DEL MAR — As the Del Mar Fairgrounds COVID-19 vaccination super site prepares to reopen today after vaccine shortages left it shuttered this weekend, San Diego County public health officials reported 198 new infections and eight virus-related deaths.
Scripps Health runs the Del Mar site, which closed Friday due to the low number of vaccine doses that were delivered for the week.
Patients who had appointments on one of the three closed days were being rescheduled automatically through the MyTurn online appointment system.
Current medical guidance suggests patients can wait up to six weeks between doses of the vaccine without losing any efficacy.
Meanwhile, the California Department of Public Health updated reopening guidance on Thursday to allow for outdoor breweries, wineries and distilleries to operate without having to serve food.
The change does not apply to bars in the purple or red tiers. For alcohol-producing businesses that already serve food, not much will change. Breweries, wineries and distilleries will still be able to operate as restaurants under the county’s current tier restrictions.
“I have been working with the San Diego Brewers Guild and the Governor’s Office for several weeks to establish a safe reopening plan, and I am glad breweries will now be able to open under the same guidelines as wineries,” said County Board of Supervisors Chair Nathan Fletcher. “This is good for brewers, good for our economic recovery and good for San Diego County.”
The new guidance, which went into effect Saturday, also requires breweries use a reservation system, limit patrons’ stays to no more than 90 minutes and end all on-site consumption by 8 p.m.
With Sunday’s data, the total number of cases in the county rose to 265,471 and the death toll edged up to 3,452.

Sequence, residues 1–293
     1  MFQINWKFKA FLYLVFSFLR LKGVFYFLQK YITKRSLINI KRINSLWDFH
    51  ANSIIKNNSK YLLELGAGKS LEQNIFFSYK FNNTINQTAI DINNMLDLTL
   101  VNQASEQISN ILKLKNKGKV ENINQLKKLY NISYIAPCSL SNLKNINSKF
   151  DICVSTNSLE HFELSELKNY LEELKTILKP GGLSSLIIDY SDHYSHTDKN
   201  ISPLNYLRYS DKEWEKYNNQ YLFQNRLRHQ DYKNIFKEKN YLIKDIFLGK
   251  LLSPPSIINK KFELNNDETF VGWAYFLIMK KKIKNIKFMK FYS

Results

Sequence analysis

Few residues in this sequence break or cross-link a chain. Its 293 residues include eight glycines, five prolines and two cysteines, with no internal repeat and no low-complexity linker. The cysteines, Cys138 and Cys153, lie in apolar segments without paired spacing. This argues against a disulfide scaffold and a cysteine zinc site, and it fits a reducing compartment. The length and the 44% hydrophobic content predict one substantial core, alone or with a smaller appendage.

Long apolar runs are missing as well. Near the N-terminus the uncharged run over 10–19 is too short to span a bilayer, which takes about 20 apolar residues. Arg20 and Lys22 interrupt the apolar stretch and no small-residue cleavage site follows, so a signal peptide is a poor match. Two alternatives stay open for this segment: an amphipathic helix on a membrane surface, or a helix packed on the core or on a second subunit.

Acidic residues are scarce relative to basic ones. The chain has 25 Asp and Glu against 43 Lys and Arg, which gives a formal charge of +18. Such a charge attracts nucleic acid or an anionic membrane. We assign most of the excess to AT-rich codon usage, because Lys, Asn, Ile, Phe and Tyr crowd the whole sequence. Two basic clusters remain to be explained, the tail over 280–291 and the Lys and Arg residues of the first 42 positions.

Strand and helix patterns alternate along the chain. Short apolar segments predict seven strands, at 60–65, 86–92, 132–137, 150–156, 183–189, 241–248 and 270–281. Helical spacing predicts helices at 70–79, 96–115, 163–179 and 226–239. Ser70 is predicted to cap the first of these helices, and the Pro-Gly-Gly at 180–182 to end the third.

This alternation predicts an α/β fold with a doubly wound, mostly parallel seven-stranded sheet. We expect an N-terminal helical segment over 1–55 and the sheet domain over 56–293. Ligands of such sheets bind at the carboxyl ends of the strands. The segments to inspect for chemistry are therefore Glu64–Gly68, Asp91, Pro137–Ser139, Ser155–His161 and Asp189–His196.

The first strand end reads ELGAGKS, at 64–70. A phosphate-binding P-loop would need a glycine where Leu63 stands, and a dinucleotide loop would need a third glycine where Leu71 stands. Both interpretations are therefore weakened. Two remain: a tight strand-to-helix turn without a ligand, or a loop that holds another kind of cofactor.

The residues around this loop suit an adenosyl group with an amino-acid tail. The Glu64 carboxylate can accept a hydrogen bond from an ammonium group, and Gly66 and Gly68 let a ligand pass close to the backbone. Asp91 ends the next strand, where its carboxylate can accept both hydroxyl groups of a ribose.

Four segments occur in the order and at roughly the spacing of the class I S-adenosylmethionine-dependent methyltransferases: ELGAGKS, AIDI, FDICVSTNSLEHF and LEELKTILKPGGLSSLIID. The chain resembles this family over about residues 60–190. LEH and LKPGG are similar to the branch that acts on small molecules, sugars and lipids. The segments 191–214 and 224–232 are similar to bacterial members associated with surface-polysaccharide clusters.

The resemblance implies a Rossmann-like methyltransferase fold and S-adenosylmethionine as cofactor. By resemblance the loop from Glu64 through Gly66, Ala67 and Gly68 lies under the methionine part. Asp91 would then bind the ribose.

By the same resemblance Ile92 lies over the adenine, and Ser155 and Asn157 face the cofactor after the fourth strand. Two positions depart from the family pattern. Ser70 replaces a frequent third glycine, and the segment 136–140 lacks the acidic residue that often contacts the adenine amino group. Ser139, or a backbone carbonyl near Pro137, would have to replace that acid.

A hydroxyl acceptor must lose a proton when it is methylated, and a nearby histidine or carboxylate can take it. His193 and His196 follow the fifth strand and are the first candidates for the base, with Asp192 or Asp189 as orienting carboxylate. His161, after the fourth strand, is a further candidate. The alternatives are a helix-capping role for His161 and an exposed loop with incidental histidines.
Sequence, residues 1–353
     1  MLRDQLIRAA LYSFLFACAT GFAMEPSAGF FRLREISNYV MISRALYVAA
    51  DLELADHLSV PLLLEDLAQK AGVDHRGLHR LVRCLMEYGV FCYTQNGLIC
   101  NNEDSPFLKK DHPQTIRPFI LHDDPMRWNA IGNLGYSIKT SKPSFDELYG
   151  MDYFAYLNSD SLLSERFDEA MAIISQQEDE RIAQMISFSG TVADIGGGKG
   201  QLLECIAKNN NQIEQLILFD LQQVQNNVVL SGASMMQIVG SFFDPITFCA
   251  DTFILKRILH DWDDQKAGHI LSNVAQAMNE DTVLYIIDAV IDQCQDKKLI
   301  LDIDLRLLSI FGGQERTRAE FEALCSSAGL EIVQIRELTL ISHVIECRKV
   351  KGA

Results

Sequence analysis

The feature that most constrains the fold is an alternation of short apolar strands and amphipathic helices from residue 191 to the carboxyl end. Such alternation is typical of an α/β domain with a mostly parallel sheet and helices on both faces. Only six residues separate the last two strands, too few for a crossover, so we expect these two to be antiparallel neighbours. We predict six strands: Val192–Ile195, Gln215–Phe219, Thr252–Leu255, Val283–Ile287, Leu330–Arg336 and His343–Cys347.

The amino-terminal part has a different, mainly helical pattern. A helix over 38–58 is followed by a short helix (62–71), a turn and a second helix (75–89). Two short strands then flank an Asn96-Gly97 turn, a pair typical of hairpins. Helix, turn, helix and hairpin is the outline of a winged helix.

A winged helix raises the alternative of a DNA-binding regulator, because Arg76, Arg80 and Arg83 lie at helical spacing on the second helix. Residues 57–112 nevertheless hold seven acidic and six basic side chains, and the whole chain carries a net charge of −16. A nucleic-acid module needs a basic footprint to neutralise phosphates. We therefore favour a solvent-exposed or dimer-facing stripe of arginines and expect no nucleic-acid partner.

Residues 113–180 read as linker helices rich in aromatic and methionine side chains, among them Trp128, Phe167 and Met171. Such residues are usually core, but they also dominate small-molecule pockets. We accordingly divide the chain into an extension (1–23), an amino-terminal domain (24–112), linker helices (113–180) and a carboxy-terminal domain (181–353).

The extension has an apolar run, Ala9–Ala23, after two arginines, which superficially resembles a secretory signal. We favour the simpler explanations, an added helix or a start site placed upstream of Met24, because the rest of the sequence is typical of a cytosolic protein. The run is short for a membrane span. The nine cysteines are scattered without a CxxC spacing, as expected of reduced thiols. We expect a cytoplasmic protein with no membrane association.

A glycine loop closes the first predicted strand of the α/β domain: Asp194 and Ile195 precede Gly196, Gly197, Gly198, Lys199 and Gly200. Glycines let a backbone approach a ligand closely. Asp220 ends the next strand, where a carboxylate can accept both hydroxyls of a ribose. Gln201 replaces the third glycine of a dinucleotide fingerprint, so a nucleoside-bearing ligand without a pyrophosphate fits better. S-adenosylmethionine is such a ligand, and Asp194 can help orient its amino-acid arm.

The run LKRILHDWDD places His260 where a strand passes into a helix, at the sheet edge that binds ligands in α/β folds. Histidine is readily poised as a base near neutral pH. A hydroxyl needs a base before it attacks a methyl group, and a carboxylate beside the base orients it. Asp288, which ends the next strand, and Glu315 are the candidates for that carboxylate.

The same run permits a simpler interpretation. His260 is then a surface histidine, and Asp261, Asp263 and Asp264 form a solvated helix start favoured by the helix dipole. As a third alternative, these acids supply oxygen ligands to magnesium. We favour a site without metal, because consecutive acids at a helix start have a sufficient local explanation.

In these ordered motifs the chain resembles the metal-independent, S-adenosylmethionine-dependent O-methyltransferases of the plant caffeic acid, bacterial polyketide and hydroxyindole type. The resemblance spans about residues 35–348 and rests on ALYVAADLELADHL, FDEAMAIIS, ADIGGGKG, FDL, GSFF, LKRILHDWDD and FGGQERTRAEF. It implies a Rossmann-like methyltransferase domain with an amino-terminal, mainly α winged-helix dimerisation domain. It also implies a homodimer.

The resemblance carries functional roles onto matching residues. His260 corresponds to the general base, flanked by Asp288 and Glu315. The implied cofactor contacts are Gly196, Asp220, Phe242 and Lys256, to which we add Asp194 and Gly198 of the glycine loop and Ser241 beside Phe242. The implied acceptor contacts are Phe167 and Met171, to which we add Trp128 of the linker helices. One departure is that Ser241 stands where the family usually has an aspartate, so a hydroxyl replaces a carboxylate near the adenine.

Of 10,349 tests reported Sunday, 2% returned positive.
There were three community outbreaks reported Sunday with 15 reported in the last seven days. Cases associated with those outbreaks totaled 55.
On Monday, vaccine eligibility will expand again, this time to people with underlying health conditions, subject to vaccine availability.
All told, 709,220 — or 26.4% of San Diego County residents over the age of 16 — have received at least one dose of the two-shot vaccines and 430,376 people — or 16% — have been fully vaccinated.
A possible change to California’s COVID-19 reopening schedule could have San Diego County promoted to the less-restrictive red tier by as early as Wednesday, according to county officials.
California’s Department of Public Health modified the Blueprint for a Safer Economy to lead with opening activities when vaccines have been deployed to the hardest-hit communities. The modification will shift Blueprint tier thresholds to allow slightly higher case rates per 100,000 population once more inoculations have occurred in the communities suffering the most, allowing counties to move to less restrictive tiers.
The initial goal of the vaccine equity metric is to deliver a minimum of 2 million doses to the hardest-hit quarter of the state as measured by the Healthy Places Index. The state estimates it will deliver the 2 million doses to that quartile this week.
The floor for the most restrictive, purple tier will move to 10 daily cases per 100,000 population once the state hits that benchmark. As of Tuesday’s state update, San Diego County has a case rate of 8.8 per 100,000 — enough to qualify for one week of the proposed changed red tier.
County officials believe the numbers would allow San Diego County to post a sub-10 case rate on Tuesday, allowing the county to enter the red tier by as early as Wednesday.
The red tier will feature a limited allowance of indoor dining, gyms, movie theaters and other businesses and services.